Even if you made a fair amount of business in rubles, only dollars could help to feel "rich". Un-guide was designed for foreign tourists and had more connections with the culture of the original "Russkie" than the Soviet guides published by the Ministry of Culture.

Reklamniy Mir, 1995

1995

It was tempting to create a campaign featuring a famous personality. We didn't have stars in a sense of what it means in America, so we invited Sergey Krylov, a singer well-recognized because of his complexion, for a grocery-store chain campaign (CAM). Sergey didn't have any complexes and even runs a club with a slogan "Fat Man of all countries, unite!" An optimistic approach worked and we won the Best Campaign in Russia award.

Cabbages and Kings, 1995

1995

My love to stop-motion animation made me to start producing animations on my own. I commissioned a script based on "Cabbages and Kings" (a 1904 novel written by O. Henry) and built a team of talented artists and animators to make a full length production. The movie was finished after I moved to U.S. and I still hope to implement one day the English language version.
 

1992

In 1992 I founded Moscow International Biennale of Graphic Design Golden Bee.This project happened to become so successful that the festival continues to takes place after I left the country in 1996 and keeps running by the same team which started it more than 20 years ago. Today Golden Bee is one of the most important events in the world's professional calendar. About 15,000 artworks from 60 countries have been submitted to Golden Bee 11 (2014) making it arguably the world's largest award-exhibition of that kind. Submit your poster to Golden Bee 2016.

Moscow International Biennale of Graphic Design Golden Bee
Greatis Magazine
Greatis Magazine
Greatis Magazine
Greatis Magazine

1993

In 1993 one of the challenges was to incorporate some lighting capability so the billboards could provide more advertising value during long Moscow winter nights. Once the electrification have been figured out, the Moscow winter nights became most beneficial factor for the outdoor advertisements — it was the only thing you could see out there. Now of course it looks very basic, but that's how it started.

Greatis | Advertising Agency

1993

It is kinda embarrassing to acknowledge now that I made advertising campaigns for some cigarette brands. Well, some of them were successful. But to be fair, at that time people allowed to smoke seating in McDonalds. These were the best advertising lessons though I had in my life and I probably learned from them more than I learned working on a political party campaign during the first democratic congressional elections in Russia that year. Ironically, the cigarette brands and the political party ended same way in history. There is a satirical similarity between the fate of that cigarette brand and the fate of that political party.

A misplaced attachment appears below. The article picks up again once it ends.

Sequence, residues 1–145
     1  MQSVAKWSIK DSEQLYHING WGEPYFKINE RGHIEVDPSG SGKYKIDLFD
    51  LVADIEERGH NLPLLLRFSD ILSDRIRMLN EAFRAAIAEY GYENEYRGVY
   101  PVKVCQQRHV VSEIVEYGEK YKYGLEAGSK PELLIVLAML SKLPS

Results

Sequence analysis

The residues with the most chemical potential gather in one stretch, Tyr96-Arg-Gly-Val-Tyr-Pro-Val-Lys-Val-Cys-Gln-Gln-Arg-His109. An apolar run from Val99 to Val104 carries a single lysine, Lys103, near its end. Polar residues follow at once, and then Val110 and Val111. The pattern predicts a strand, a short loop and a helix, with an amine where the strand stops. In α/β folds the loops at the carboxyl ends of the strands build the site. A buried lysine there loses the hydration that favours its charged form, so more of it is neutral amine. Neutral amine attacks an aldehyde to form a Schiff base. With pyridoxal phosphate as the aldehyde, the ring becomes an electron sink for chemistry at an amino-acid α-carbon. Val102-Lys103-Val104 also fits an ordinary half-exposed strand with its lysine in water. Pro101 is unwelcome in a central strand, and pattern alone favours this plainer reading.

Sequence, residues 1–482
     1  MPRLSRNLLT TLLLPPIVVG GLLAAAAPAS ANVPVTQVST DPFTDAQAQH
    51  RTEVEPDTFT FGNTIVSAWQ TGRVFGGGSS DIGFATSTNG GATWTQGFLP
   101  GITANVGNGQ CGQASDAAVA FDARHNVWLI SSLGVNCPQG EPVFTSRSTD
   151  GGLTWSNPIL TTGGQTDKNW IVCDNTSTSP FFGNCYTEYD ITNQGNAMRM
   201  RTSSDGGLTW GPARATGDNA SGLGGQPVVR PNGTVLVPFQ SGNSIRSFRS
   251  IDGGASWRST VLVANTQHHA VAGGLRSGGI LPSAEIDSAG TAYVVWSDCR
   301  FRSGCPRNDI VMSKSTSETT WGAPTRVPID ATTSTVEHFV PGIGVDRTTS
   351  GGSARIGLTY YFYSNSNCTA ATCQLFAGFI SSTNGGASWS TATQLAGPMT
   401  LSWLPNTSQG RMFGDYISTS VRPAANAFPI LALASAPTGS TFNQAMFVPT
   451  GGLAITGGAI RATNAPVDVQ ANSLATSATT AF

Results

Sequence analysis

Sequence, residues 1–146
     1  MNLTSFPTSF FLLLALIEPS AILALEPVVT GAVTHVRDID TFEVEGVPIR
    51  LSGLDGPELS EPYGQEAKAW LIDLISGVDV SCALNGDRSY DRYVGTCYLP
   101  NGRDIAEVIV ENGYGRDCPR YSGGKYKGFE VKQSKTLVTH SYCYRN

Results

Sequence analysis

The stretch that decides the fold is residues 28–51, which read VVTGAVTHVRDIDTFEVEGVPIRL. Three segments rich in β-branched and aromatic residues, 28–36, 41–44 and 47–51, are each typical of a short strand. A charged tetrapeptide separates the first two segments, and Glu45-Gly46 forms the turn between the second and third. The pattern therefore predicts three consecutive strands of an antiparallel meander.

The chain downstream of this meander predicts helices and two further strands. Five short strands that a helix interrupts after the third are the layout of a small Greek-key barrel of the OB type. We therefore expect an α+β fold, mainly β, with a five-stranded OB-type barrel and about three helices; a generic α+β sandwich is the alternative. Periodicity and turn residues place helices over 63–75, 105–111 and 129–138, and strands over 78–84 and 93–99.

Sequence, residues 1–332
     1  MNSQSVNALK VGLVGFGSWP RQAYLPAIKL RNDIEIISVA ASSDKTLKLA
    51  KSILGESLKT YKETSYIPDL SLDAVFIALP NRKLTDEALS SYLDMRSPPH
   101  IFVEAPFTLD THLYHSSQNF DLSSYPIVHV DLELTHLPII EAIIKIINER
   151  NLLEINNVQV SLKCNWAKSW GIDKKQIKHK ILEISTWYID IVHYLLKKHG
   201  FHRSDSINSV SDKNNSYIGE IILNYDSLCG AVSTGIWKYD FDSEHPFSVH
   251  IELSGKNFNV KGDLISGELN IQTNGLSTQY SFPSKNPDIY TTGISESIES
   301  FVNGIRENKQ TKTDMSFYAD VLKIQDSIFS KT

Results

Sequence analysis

1998

Here I am on one of the first "dot com" convention in Boston. In 1998 I got so excited working on creative for the internet businesses and discovering for myself technology so I couldn't think about doing anything else in my life anymore. The "traditional" life I lived had abruptly ended and an entirely new "interactive" life have started literally from scratch, pretty much at the same time with the birth of the online advertising field. It's like I still building billboards, making ads and commercials, just this time all digital. Later I learned that I actually started from a wrong part — I should've started with building a technology for broadcasting the ads instead of making them first. On the other hand, because of a necessity to fix that mistake, ten years later I de facto became the Father of Viewable Impression.

Followed by my digital life segment...  

1999

In 1999 I came up with an idea of a new form of advertising to the web in a form of Webmercials. Before video became available on the Internet, Webmercials were made in Flash as 15-20 second animations placed as a gate intro to the webpage. These ads could also use sound and high-quality vector graphics to display the message even over 28.8k modem connection with no loading time. It was before I developed any distribution technology and, unfortunately, at that time I did not have actually any ad serving option to offer for a managed cross-website distribution of these ads. Banner had prevailed for the next fifteen years — well, temporarily.

RealVu| Ad in Advertising Age, October 11, 2010

2010

The first ad introducing the Viewable Impression metrics technology to the market (Advertising Age, October 11, 2010.) In 2008 working as CTO for RealVu, I introduced the Viewable Impression technology to MRC. I managed to run through the audit required for the first accreditation of the Viewable Impression metrics technology by MRC in 2009. In June of 2011 Viewability formally established as a 3MS (Making Measurement Make Sense) priority, and in March 2014 MRC announced lift of advisory for transacting on viewable impressions (effective immediately for display advertising, lifted on June 30 for video ads).